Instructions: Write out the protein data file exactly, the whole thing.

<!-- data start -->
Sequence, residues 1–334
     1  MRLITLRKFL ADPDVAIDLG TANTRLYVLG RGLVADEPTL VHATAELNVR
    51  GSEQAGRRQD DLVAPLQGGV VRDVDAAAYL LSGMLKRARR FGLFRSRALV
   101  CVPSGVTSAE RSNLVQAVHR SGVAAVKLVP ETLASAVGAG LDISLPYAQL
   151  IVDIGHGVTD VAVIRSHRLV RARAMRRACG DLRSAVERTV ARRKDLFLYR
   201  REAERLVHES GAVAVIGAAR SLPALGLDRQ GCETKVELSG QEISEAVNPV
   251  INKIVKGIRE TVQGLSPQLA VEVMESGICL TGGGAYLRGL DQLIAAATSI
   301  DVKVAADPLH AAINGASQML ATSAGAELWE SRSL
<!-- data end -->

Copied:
Sequence, residues 1–334
     1  MRLITLRKFL ADPDVAIDLG TANTRLYVLG RGLVADEPTL VHATAELNVR
    51  GSEQAGRRQD DLVAPLQGGV VRDVDAAAYL LSGMLKRARR FGLFRSRALV
   101  CVPSGVTSAE RSNLVQAVHR SGVAAVKLVP ETLASAVGAG LDISLPYAQL
   151  IVDIGHGVTD VAVIRSHRLV RARAMRRACG DLRSAVERTV ARRKDLFLYR
   201  REAERLVHES GAVAVIGAAR SLPALGLDRQ GCETKVELSG QEISEAVNPV
   251  INKIVKGIRE TVQGLSPQLA VEVMESGICL TGGGAYLRGL DQLIAAATSI
   301  DVKVAADPLH AAINGASQML ATSAGAELWE SRSL